Too far away for much detail
Vaseux Lake Saturday
Archives for February 16, 2019
For a bottle of wine – always Oliver always VQA
Name these three women at the WOW show – on now – Saturday only in beautiful and snowy downtown Oliver
Folks I have to give this wine to Russell Work he has a secret machine for monitor wine contests on ODN and use his super machine in foreign countries as well.
See you when you get home Mr. Work and to the rest thank you for making my day.
Another Valentines Day came and went, nothing from the postman or even left on the kitchen table, but this is normal for us.
I am probably married to one of the most unromantic men in the world. I have absolutely no doubt that he loves me but he feels silly to express himself in a romantic way.
We met when I was 17 and he nine months older. My eighteenth birthday was just one month later and he arrived for our date carrying a box of chocolates and a birthday card, both carried in a brown bag, right from the shop. I thanked him for the chocolates and made a big fuss over opening my card, this was the first correspondence I had received from him. The card was pretty but he had not thought to write in it, it was just blank as when he bought it. Being of a rather sarcastic nature, I thanked him for it but pointed out that as it was not written on, he could maybe keep it for next year and re-use it. The sarcasm backfired when he replied that we may not still be an item, so I should keep it.
For some unknown reason I still went on the date with him and gradually I warmed up to his unromantic ways. He thought he was romantic and took every opportunity to kiss and cuddle, one date he pushed me up against a wall for some heavy breathing which earned him a smack. When I got home my beautiful red coat, that had cost me several weeks’ wages, was black at the back from whatever was on the wall.
If I make an issue of it he will actually buy me a card but then it takes all the romance out of it, so I don’t bother. This goes for birthdays and other events, it is just his way. I used to say I would like to get flowers and he replied that I should buy them while I was out shopping. He honestly didn’t see that this was not appropriate for the occasion.
While Dave’s mom was living, she would always take my girls shopping for my birthday and Christmas gifts and Dave would give her money to get something nice from him. When she passed away, he tried to pass this job onto my daughters but they refused to do it and made him shop himself. They would give him some ideas but make him the work, the uninspired gifts were always accepted with profuse thanks but I knew his heart wasn’t in it.
Mothers’ Day had always been left for his mom to deal with and I had to look for an appropriate gift for his mom, an easy chore as we knew one another so well. The first year after his mom passed, Mothers’ Day brought me nothing from his. When the girls expressed their disappointment with him, he said that I was not his mother, so why should I get a gift.
I had always bought him Fathers’ Day gifts but that year I decided to beat him at his own game. I went into the garden and collected a red brick that still had bits of dirt clinging to it. I wrapped in gold foil and put on a beautiful bow. When he sat down at the breakfast table I presented him with the gift. I mentioned that it was going to be something he had never thought he would get. He however, on a recent shopping trip, had shown me a brass Golden Retriever ornament that he really loved and this is what he thought was in the wrapping. The weight and size was about right for that and I felt a bit mean at disappointing him.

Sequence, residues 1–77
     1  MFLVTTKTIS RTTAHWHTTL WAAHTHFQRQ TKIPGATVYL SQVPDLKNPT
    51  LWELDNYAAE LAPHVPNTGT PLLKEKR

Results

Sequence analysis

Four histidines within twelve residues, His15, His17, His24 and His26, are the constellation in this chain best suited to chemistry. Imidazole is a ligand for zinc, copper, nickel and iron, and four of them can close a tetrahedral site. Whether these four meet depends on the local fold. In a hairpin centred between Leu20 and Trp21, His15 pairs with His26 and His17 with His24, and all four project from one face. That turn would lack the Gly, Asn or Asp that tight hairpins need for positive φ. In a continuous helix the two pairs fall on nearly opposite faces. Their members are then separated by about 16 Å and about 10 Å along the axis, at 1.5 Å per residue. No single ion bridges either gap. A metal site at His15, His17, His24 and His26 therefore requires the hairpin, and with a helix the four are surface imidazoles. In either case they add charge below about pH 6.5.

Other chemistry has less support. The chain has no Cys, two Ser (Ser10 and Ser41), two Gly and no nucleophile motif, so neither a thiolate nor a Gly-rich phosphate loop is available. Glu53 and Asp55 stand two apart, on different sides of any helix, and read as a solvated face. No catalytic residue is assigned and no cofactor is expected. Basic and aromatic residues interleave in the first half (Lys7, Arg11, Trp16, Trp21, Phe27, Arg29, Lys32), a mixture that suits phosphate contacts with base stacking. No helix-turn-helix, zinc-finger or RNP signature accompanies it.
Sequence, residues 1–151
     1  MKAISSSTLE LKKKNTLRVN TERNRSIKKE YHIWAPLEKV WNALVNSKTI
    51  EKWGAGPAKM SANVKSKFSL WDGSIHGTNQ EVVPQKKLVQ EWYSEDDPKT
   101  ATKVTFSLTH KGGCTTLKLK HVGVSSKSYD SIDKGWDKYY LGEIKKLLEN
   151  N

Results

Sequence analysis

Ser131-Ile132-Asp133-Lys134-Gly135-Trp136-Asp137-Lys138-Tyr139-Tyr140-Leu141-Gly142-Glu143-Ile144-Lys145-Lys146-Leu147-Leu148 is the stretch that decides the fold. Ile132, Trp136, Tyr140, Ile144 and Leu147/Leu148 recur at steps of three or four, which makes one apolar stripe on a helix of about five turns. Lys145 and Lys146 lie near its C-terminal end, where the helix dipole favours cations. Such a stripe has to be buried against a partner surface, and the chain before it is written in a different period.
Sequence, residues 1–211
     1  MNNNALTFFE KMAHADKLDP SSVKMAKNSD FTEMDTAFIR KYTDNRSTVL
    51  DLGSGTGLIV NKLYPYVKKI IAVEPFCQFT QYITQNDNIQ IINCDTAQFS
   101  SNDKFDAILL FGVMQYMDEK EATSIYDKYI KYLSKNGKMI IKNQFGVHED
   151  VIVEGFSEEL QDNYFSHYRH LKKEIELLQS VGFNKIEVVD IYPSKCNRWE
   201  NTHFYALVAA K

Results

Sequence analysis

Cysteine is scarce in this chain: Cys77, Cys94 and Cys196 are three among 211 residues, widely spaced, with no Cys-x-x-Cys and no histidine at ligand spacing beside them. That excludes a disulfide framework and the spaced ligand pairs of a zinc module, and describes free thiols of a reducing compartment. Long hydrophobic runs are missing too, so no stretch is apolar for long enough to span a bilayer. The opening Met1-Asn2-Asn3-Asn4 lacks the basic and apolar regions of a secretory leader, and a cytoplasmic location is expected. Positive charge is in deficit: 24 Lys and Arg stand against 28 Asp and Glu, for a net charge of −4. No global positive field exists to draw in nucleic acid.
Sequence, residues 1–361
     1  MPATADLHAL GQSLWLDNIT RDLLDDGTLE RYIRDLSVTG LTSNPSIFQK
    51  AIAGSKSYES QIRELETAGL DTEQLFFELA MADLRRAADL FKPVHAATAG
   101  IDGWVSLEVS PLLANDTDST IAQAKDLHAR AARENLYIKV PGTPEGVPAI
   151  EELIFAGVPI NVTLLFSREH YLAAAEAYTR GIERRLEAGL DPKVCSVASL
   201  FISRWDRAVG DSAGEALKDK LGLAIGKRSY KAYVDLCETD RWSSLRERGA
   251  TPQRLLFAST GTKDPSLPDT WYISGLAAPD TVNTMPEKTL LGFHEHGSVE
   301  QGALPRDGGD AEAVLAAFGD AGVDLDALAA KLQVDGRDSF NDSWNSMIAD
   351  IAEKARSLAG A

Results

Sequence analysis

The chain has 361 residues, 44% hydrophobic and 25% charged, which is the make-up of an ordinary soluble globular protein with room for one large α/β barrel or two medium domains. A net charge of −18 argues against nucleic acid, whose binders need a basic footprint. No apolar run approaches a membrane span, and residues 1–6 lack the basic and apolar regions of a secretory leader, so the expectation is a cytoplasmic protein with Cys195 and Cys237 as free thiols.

The look on his face was priceless as he unwrapped the brick. I explained that his disappointment was how I felt every time he ignored one of my special occasions. I had already bought the brass dog and gave it to him for his birthday, a few months later.
Once we moved up here we had no children to remind him of special events and I suggested that we both stop buying gifts for one another on special occasions but to treat one another any time we felt like it, this has worked well and took a lot of pressure off.
One Valentines he presented me with a rose bowl and a copy of the Love Is Patient, verses from Corinthians, it made me cry. The roses lasted several days the verse is still displayed on my fridge so I see it every morning, it is the nicest present I have ever received.
Romance comes in all forms, bouquets of flowers, champagne and chocolate, and expensive dinners for two. However, everyday love is displayed by remembering that I like raisins in my oatmeal; that I change from regular coffee, to decaf, in the afternoon, warming up the car for me when I have an early morning appointment and the hundred and one little things that make daily life warm and cosy.
Each little thought may seem insignificant but they weave themselves into a lifetime of love.
The Parliament of Canada
Video Link: https://youtu.be/onfITQScBHc
The full text is in the video
Below excepts chosen by the editor
Mr. Richard Cannings (South Okanagan—West Kootenay, NDP): Mr. Speaker, I would like to begin by thanking the member for Saskatoon West for bringing forward this important motion on Canada’s housing crisis and what the government should be doing to deal with it.
The housing crisis is widespread and very diverse across the county. It is different in every community, city and rural area. It goes from rising homelessness to ridiculously expensive housing markets that exclude first-time buyers; to rural seniors who have nowhere to go when they want to downsize to low vacancy rates that are often exacerbated, at least in my riding, by online vacation rentals, to crowded and often mould-ridden homes in remote indigenous communities.